Kawasaki says its Z800 is huge in Europe. The bike is “part sportbike, part commuter,” and is supposed to leave everyone satisfied. Fundamentally it felt solid and well-engineered, but after a couple hours in the saddle I found myself struggling with the concept; is this actually “one bike for multiple jobs,” or is it a compromise between two styles of riding?

(Full Disclosure: Kawasaki wanted me to ride the Z800 so bad they provided a hotel room in Palm Springs and bought me breakfast. Also booze, after the bikes were away.)

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Any machine can be perfect, or terrible, or just okay, but reality is all the specs boil down to one thing: is this worth what it costs? Sean was off gallivanting in Spain on a Ducati’s most powerful naked, so the powers that be decided to send Jalopnik’s “everyman” rider to test Kawasaki’s “everyman” sport naked.

A 2015 Kawasaki Z800 with set you back $8,399, which is a considerable amount to spend on a motorcycle. You could get an older hardcore sportbike singin’ sweet for $5,000 and add a plush upright for even less, and feel great riding both for the MSRP of the new Z800.

With that in mind, I look at this vehicle and my gut says “what’s the point?”

What is the point?

I’m glad you asked, because Kawasaki had a whole PowerPoint presentation on what the Z800’s all about. Here’s the best slide:

So it’s either Jack Johnson After He Became Successful or a design executive was late to “bring your inspirational props to work day” and threw down his Rolex on the fly.

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I think they’re actually going for “cool-guy freedom, but you know with an itinerary.”

Still still giggling at that lighter (don’t put cigarettes on the slide, we’re not psychopaths!) but don’t worry, the machine’s not as lame as this fifth-grade collage.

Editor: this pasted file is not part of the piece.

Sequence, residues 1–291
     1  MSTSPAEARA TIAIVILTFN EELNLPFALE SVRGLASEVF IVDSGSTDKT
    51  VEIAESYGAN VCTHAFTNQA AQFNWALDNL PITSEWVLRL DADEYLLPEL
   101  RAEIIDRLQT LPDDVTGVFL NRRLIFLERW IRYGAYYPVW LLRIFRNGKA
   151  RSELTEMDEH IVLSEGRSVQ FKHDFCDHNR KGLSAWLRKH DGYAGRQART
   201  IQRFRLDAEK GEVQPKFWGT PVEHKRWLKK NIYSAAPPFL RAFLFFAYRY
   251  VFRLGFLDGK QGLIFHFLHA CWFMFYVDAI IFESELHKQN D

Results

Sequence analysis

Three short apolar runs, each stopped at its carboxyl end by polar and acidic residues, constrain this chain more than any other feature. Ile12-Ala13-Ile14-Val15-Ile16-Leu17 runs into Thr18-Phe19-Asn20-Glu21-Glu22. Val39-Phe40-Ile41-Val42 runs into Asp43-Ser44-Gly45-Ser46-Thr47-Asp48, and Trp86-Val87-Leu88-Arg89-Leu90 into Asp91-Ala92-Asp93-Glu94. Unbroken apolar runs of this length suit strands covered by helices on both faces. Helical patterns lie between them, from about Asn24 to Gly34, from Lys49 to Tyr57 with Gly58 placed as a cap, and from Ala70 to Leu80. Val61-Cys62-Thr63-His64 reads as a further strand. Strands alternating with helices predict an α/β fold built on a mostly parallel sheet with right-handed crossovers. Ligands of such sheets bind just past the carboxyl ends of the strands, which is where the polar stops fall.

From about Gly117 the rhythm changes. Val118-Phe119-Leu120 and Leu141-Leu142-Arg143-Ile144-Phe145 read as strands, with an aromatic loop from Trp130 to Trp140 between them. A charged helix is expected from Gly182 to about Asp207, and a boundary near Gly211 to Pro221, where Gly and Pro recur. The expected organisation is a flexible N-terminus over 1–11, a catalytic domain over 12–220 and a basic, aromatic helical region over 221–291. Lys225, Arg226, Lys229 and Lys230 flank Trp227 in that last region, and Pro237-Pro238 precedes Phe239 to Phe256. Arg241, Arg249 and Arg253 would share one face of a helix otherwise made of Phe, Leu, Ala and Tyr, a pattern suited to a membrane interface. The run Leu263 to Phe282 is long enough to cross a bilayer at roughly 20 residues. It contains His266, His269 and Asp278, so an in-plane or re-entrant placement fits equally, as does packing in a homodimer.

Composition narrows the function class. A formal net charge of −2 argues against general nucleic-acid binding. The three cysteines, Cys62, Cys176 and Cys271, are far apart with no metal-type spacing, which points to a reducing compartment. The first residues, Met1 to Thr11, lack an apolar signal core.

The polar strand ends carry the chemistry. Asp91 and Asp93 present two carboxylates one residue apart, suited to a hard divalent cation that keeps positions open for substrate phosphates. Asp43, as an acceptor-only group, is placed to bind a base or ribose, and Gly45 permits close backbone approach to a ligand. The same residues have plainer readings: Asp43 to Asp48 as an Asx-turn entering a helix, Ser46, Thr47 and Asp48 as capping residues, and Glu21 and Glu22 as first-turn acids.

The Specs That Matter

The Z800 is classified as a “mid-level streetfighter.” Streetfighters are pretty much sportbikes with the body kit removed and slightly comfier ergonomics (higher bars and lower pegs). So basically, the same way I ride my GSXR around (because it’s easier to spot leaks.)

I think the name actually originated when stunt riders cracked all their plastics and had to make their broken equipment sound cool. Anyway, it’s a bonafide look now, kind of a modern interpretation of the “café racer” streamline style that got popular with craft coffee and beard wax all of a sudden.

You won’t find Kawasaki riders arguing the finer points of “latte versus cappuccino.” This bike appeals to someone who appreciates efficiency. Things that work correctly, smoothly. As the Z800 does.

Its got a steel frame wrapped around an 806cc four-cylinder, 16-valve, water-cooled and fuel-injected engine. That means it’s physically pretty rigid, and that the motor is smooth and reliable in its application of power. Like many Japanese motorcycles, the exact engine output figure is intentionally kept vague, but rumor has it the Z800 makes 112 horsepower.

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We do know the bike weighs a little over 509 pounds ready to ride which, as far as I’m concerned, makes it a two-wheeled dump truck. I might be spoiled by my spry 250cc Yamaha, but even the ancient Suzukis I used to cruise around on weren’t that obese.

At least all that momentum is kept in check by dual 277 mm brake rotors up front with a single 216 mm disc behind. Decent sized brakes. And with ABS standard, they bite effectively and easily through the whole pull of the lever and pedal. In a panic, they keep the bike straight, calming steed and rider down from an over-enthusiastic pace no sweat.

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Suspension is a 41 mm inverted fork with 29 clicks of adjustability. Rear shocks are adjustable too, to 2.9 turns. Basically what that means is you’ve got a bit of control over the vehicle’s ride height. But more importantly, you can change the bike’s behavior a little bit between aggressive responsiveness and softer-riding comfort.

The gauge cluster is sleek and futuristic... if your point of reference is a GameBoy. Kawasaki insisted on ditching two perfectly good clocks; because dial gauges are old and the Z800 must look new. Having a gas gauge is a nice convenience, but the fucking bar-graph tachometer sucks the fun right out of revving at a stoplight.

What am I supposed to do watching this LCD boner go up and down all day? It’s very sterile, and I can’t wait ’til traditional dials make a comeback. For now, I guess I’ll have to head to the aftermarket.

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At the other end of the motorcycle is a short, angular exhaust that sweeps down through beautiful exposed headers into something that looks like it belongs in a modern art museum.